Today marked the first cutting of hay on our farm in over 20 years. Our farm followed the irresistible trend of corn and soybean (and sometimes corn on corn) rotation that most farmers have moved into over the past 40 years. I admit I'm proud to have that piece of land into a perennial planting of oats, alfalfa and volunteer tillage radishes. With a bit more rain (yes, we're dry here) and tender care, this will be our organic forage crop for the next few years.
And I'll apologize to Troy, straight up, for getting in his way while helping us hay by walking out there to take pictures with kids and dog in tow. We nearly lost our dog Happy to that hay cutter. Would have been nobody's damn fault but my own. A working farm is a dangerous place. You think I would have learned that already.
We're well enough respected that folks in our community can call us idiots to our faces- and a couple have. "Really? You're taking farmland this valuable and putting it into hay?" Well, yes. Mike knows, as does his father and uncles, and his grandfather before that, that this soil needs some alfalfa to 'mellow' it. Plus, with a growing herd of cattle, we don't want to be dependent on buying feed or hay.
The farm is taking shape, even with being set back the better part of year by Mike's accident. A year ago, we rolled the dice and planted corn late in the season. We lost the gamble. The corn didn't mature and we had to plow it under for green manure/mulch. Then we planted that whole field to tillage radish--a new cover crop that sends down deep, thick taproot to break up hard pans (a compacted layer of soil from using tractors and such) and serves as a kind of deep tillage device to break up the soil. We need that here with our heavy clay soils. This year a lot of the tillage radish came up in our hay field and provided a cover of lovely white flowers to the field.
And we've been observing our farm and animals- their natures and response to our practices. Take those Dexter cattle, for example. We watched them grow from the time they were born to now. They thrive on the grass and their summer coats shine up with that first flush of green grass. We (and by 'we' I mean Mike who is the day to day, hour by hour observer on the farm) find that the low-line Angus take longer to sleek up in the spring, but they are catching up with the Dexters a couple months into the grazing season. Time will tell. And taste.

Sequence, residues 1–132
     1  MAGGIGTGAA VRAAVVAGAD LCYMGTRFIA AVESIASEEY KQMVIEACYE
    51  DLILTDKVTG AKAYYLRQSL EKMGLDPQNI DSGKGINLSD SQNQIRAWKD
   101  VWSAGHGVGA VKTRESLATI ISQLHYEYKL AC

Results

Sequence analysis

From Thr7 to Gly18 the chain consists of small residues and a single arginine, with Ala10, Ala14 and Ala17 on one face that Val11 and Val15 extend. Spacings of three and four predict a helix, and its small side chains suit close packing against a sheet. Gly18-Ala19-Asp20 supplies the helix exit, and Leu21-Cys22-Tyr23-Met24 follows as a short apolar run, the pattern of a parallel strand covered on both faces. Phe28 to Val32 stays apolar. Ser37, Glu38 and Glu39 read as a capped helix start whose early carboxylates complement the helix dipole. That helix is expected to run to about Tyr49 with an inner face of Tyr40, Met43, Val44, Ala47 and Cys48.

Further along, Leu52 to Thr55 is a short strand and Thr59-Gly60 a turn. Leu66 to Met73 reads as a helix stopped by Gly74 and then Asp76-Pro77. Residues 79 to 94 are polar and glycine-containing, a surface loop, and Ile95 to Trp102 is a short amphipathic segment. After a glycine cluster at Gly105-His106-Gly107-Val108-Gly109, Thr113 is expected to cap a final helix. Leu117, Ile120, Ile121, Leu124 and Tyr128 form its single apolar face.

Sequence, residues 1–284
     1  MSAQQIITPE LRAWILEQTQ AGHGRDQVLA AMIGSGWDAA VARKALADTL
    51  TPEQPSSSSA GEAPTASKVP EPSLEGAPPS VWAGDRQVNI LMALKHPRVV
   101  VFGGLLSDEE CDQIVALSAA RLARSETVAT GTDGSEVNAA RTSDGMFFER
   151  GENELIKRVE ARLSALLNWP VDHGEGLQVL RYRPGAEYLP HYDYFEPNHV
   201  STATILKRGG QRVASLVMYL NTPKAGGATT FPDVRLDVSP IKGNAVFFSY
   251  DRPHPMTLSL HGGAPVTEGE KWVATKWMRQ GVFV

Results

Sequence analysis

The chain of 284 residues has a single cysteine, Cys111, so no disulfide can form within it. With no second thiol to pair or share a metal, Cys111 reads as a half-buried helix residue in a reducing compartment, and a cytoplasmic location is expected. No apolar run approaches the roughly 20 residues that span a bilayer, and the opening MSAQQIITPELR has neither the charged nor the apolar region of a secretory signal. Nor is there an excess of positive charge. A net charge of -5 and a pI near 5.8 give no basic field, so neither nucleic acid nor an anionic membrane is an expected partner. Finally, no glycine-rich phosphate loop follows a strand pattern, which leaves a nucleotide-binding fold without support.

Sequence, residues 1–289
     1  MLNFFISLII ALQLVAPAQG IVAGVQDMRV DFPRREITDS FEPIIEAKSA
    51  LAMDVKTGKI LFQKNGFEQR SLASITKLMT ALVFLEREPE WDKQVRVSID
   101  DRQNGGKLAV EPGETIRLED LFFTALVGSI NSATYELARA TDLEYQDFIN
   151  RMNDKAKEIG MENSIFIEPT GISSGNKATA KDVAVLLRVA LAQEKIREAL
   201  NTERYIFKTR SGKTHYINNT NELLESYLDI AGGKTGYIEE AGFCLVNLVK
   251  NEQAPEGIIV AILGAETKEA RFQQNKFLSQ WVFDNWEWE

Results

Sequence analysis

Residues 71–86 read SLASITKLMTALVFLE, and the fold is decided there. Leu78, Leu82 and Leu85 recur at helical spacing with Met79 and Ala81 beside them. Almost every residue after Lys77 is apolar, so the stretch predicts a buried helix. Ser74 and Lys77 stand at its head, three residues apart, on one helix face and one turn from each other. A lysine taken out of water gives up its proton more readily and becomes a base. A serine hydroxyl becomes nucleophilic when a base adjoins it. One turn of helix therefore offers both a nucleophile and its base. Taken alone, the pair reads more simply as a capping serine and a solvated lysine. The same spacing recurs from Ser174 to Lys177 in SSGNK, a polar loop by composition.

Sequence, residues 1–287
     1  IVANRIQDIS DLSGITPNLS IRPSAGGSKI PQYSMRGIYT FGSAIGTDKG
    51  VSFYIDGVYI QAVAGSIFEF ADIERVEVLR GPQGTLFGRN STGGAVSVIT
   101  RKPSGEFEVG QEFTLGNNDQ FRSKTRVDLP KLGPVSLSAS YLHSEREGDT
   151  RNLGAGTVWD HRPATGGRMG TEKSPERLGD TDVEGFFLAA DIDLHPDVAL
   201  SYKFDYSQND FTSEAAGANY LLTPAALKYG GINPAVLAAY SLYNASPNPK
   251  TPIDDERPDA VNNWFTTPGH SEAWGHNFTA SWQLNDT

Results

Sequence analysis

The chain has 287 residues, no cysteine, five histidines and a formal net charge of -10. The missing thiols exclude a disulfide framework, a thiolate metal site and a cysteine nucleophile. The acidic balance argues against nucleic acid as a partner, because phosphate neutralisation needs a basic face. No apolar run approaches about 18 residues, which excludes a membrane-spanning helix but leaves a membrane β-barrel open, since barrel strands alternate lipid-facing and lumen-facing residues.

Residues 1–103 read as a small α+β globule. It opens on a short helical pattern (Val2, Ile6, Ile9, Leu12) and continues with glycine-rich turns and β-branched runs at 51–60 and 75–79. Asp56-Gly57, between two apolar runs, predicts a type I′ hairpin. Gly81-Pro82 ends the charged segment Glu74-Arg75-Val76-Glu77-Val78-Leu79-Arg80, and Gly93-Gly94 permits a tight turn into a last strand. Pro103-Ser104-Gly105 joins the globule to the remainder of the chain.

We're out of ground bison (from our friends Rod and Mary) and so will have to butcher our first grassfed steers- born on our farm on a fine May day in 2010 the day after arriving here. Their names are Trouble and Bill. They'll be going by trailer to the Pioneer meat market in Ortonville in the coming days. Once we're assured of the quality of the meat, we may have some sell. That will be a nice milestone on this farming journey- from birth to sale of our first grassfed beef.
In other parts of the farm, the wetland is being 'installed' starting July 1, with heavy equipment coming in to move earth. We have fencing bids coming in to lay down 18,000 feet of fence on the farm--over 3 miles worth-- and are working with the US Fish and Wildlife Service on grazing the adjacent prairie land (next year). About 150 acres are in conventional corn and soybeans (total farm acreage is 320). So 2012 marks the first year that more than half the farm is in either organic crop production or pasture and wetland.
The garden is one casualty of Mike's accident and so this year will be scant on our own produce. Some of our perennial beds are doing fine- it's been all you can eat asparagus for the past month. The strawberries, however, fell victim to quack grass.
It is still a grand adventure as we move into and through this fifth growing season on the farm. And I'm guessing more than one farmer out there would agree, that there is nothing like the look and the smell of that first cut of hay to fill ones heart with a sense of the goodness of farming.